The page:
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EXPERIENCE BY DESIGN

An industry built on the suspension of disbelief reveals its secrets to world building

By Amanda Shendruk

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Two decades ago, an article in the Harvard Business Review made a prediction: “We expect that experience design will become as much a business art as product design and process design are today.”

The forecast, introduced along with the concept of an “experience economy,” was extraordinarily astute. Today, an industry built on the suspension of disbelief is flourishing. Theme parks, haunted houses, escape rooms, immersive theater—in which the audience is integrated into the performance—and even themed bars and restaurants are capitalizing on experience as entertainment. Rough estimates suggest more than 700 new or updated such immersive experiences were established in North America last year. The immersive-entertainment industry, including theme parks, was valued at nearly $50 billion in a 2019 industry report.

Providing an environment where participants can put aside skepticism and dive into a surreal story or quirky environment means companies must invest heavily in design. That means different things for different sectors of the experience economy.

London-based Punchdrunk creates elaborate, site-specific shows during which the audience can freely explore a detailed set while actors perform around them. Their flagship production is Sleep No More, an interactive, film-noir-like take on Macbeth that plays out over three hours, five floors, and 100 rooms of a fictitious hotel. It has run continuously since 2011 in New York, and recently opened in Shanghai.

REUTERS/Lucas Jackson
A masked audience watches a tense scene during a performance of Punchdrunk’s Sleep No More.

Much of the company’s success comes from its award-winning ability to build compelling, exhaustive worlds that easily immerse an audience. They’ve even acquired super fans—people that return again and again to unravel narrative complexities and discover carefully choreographed surprises.

Providing individual experiences at a large scale is obviously a challenge. Punchdrunk aspires to create an environment that allows hundreds of people a night to feel like they each have had a unique and highly personalized performance.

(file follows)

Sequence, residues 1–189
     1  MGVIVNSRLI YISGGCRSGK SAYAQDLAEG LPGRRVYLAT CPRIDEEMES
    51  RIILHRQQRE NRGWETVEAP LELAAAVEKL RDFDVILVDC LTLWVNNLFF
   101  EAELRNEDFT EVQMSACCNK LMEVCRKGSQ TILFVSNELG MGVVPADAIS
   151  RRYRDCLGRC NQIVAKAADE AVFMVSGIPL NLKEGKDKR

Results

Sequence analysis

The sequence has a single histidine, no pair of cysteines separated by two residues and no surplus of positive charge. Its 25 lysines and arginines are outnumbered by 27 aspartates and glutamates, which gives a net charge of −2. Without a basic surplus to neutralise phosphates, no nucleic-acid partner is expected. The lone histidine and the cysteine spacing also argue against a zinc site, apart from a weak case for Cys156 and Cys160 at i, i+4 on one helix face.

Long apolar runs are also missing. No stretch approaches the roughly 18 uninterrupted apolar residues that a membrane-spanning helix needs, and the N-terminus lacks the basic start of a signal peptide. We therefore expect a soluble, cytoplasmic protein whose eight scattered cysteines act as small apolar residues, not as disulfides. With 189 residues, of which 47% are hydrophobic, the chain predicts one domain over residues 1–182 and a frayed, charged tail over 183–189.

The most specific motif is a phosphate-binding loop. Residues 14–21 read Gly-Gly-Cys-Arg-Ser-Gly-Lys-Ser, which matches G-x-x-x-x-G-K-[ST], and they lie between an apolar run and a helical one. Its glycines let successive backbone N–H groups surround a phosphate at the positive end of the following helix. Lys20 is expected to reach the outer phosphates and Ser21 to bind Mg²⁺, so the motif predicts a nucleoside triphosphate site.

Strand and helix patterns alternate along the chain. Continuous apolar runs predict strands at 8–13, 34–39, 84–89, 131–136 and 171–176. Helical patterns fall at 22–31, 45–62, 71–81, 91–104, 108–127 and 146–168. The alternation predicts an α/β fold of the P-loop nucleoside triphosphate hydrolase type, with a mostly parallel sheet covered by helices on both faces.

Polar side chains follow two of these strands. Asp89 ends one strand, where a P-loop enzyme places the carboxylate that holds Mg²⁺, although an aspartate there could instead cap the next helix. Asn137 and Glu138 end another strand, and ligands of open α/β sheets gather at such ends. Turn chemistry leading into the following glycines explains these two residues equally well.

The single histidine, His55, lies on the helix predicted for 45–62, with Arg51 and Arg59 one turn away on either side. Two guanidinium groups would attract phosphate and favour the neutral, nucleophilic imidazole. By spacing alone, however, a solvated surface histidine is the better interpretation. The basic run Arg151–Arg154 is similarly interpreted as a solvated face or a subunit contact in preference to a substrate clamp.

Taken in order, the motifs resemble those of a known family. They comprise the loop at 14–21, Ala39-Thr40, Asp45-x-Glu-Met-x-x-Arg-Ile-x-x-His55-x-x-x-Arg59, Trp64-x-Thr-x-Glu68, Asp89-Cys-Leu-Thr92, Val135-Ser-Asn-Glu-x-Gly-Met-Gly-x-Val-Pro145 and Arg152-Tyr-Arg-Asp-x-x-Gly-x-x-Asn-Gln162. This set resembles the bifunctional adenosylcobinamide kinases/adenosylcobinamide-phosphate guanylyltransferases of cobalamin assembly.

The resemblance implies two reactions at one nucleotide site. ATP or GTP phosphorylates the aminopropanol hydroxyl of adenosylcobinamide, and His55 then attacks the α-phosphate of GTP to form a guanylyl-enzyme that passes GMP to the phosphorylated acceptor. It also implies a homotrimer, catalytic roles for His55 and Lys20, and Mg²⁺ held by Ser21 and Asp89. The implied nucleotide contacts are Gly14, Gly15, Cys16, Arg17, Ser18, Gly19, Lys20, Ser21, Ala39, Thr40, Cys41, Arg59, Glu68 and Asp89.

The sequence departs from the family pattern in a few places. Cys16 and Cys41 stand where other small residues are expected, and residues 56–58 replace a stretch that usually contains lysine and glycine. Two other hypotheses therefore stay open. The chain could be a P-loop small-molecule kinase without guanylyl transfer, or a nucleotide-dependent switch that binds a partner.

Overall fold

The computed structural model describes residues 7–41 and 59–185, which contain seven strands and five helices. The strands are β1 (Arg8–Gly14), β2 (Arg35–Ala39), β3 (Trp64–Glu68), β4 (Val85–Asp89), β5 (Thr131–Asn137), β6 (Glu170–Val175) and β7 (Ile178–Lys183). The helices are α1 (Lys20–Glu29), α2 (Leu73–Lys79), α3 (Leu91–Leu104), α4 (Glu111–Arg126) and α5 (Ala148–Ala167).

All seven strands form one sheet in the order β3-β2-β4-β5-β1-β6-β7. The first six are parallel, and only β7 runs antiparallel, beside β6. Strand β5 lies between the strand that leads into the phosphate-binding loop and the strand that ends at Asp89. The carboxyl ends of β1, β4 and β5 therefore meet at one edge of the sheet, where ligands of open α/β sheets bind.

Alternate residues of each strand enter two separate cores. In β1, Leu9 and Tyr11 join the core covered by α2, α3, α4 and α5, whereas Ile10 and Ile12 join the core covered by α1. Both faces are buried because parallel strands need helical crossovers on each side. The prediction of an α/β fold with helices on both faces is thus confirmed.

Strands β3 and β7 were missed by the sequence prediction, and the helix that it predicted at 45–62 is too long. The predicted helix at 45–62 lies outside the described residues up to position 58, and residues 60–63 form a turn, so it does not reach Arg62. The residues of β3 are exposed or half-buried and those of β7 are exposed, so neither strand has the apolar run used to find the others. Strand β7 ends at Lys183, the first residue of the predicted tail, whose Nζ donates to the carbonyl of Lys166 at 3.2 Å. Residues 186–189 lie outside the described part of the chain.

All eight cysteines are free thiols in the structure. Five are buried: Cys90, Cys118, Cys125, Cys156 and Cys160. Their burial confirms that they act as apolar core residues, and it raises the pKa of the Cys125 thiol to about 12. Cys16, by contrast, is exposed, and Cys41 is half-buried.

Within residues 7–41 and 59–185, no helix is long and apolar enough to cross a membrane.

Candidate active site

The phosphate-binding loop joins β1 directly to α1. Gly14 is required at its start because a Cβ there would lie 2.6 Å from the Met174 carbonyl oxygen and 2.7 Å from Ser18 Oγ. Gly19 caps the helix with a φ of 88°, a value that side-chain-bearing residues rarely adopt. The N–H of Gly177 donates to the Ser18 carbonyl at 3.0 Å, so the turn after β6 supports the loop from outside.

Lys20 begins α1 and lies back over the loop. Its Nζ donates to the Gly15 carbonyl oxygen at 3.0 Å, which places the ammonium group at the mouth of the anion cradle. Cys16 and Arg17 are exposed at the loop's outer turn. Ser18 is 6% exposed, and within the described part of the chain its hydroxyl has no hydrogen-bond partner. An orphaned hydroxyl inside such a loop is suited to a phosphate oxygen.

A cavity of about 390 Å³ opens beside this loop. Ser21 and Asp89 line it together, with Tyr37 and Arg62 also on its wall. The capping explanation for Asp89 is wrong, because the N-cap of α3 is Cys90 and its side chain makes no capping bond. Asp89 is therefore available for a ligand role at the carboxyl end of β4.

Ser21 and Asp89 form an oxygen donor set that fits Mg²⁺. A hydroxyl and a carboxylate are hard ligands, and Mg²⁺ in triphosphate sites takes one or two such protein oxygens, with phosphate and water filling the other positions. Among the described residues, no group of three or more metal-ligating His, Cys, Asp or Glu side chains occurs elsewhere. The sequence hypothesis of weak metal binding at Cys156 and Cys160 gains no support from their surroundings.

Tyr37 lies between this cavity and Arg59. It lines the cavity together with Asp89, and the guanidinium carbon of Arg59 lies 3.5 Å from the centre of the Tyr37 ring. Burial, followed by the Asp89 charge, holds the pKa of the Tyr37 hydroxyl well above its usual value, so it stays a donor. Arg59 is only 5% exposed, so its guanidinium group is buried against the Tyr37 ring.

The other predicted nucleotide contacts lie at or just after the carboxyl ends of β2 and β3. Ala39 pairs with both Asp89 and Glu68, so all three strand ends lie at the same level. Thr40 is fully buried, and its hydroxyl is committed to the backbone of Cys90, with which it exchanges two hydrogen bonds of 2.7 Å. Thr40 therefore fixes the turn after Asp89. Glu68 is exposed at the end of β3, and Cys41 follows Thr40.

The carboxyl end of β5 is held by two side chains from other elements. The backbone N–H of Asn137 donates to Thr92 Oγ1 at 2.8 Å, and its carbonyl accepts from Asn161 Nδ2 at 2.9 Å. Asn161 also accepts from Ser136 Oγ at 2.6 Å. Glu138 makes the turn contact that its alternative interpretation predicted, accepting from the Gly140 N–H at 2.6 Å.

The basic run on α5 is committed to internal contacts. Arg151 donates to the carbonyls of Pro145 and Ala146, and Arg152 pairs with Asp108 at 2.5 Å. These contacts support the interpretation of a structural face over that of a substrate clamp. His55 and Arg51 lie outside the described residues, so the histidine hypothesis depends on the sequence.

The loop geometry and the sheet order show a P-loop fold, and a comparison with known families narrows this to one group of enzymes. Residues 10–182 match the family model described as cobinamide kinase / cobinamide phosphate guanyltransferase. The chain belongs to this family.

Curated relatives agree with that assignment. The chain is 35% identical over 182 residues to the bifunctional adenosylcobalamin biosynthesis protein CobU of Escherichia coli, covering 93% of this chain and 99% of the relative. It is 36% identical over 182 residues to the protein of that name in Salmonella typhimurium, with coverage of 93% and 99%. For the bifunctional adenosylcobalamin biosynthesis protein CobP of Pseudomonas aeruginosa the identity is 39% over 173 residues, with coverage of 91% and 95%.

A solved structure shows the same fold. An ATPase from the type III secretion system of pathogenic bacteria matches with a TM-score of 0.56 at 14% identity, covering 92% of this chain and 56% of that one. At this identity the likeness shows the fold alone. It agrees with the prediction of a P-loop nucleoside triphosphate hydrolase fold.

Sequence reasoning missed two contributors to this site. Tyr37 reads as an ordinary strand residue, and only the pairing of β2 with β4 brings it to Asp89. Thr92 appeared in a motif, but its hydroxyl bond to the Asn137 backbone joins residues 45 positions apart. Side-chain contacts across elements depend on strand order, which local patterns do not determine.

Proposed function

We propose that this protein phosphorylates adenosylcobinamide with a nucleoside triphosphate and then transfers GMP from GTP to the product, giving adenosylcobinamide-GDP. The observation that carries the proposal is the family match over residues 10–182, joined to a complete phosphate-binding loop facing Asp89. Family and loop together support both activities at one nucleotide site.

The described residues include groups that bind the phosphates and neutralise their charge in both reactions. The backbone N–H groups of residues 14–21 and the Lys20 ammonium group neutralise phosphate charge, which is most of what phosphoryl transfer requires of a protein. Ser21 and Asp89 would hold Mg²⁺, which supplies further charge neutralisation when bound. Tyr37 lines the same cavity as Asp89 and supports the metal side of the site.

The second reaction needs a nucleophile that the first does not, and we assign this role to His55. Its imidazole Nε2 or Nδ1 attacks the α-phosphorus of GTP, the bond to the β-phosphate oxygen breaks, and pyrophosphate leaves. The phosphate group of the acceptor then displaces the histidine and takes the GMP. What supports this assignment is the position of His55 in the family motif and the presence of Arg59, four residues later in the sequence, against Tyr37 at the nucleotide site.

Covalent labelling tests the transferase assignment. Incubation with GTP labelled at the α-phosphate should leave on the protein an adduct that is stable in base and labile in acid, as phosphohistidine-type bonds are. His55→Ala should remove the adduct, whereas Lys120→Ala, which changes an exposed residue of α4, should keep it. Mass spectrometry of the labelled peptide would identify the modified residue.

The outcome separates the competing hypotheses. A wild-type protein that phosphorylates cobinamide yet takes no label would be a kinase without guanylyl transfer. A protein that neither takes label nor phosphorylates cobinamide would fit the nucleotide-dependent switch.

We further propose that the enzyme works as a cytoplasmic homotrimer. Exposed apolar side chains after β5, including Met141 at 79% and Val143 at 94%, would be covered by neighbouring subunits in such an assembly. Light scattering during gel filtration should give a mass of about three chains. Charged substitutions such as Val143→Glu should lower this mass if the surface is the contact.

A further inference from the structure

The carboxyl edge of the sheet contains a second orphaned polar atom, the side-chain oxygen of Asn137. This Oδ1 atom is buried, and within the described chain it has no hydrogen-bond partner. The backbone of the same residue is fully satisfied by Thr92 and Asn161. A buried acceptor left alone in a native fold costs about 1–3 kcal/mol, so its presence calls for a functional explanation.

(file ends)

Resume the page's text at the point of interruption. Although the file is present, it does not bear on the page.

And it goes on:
“It’s kind of like creating a playground for people to explore, but trying to craft at the same time how they’re exploring it and what we’re wanting them to focus on,” explains Punchdrunk’s design director Livi Vaughan. “Everyone’s experience is a little different depending on where they go and what they look at.”

Many Punchdrunk shows begin with what they call a “decompression maze.” It’s a dimly lit path that transitions the audience from the outside world and their everyday lives into the performance space and world of the characters. Vaughan likens it to a palette cleanser.

Once the design is complete, the final layer is the performers. But Vaughan notes that at Punchdrunk, the environment is an important character in itself. “Lighting, sound, set design, performance—they all have equal weight.”

While production companies like Punchdrunk design previously unknown environments, those in the theme park and advertising industries have a trickier task. Companies seeking to augment beloved brands like Star Wars, Harry Potter, Blade Runner, and Game of Thrones must design worlds with which millions of fans already have a personal connection.

MyCoToo makes a business out of this challenge, and collaborates widely to produce marketing experiences for well-known brands. Last year, they teamed up with Giant Spoon to create a Game of Thrones interactive experience for HBO at the South by Southwest Festival in Austin. The year prior they did the same with Westworld.

“Look at Game of Thrones. This is a show that everybody felt that they had ownership of because they spent ten years with it,” says David Wally, the company’s Chief Creative Officer. “When you have a situation like that you’re sort of doomed to know that you’re not going to be able to please everybody.”

When the Westworld experience debuted in an existing ghost-town outside Austin, they certainly pleased many. Guests explored a recreation of Sweetwater, the fictional Western town that plays prominently in the show, discovering clues and easter eggs about the show’s next season. The production lasted three days and saw around 4,000 visitors.

While Westworld itself was well suited to a brand-based experience—it’s about a highly immersive theme park, after all—the production designers took pains to make the world as accurate to the brand as possible.

“We’re allowing them to be inside the thing that they love,” says Wally. So consistency is paramount.

Building such extensive immersive experiences isn’t easy—and it certainly isn’t cheap. But for companies like these, it’s paying off. Punchdrunk’s Sleep No More brought in nearly $5 million in 2017 [paywall] and will soon be tenants in a new creative district in London. The Museum of Ice Cream—an Instagrammer’s paradise that creates “beautiful and shareable environments that foster IRL interaction and URL connections”—earned an estimated $20 million in three years. And immersive art creators Meow Wolf—hailed by some as the Disney of the future—is rapidly expanding from its Santa Fe home base, breaking ground on a $60 million project in Denver, and preparing for installations in Washington and Las Vegas.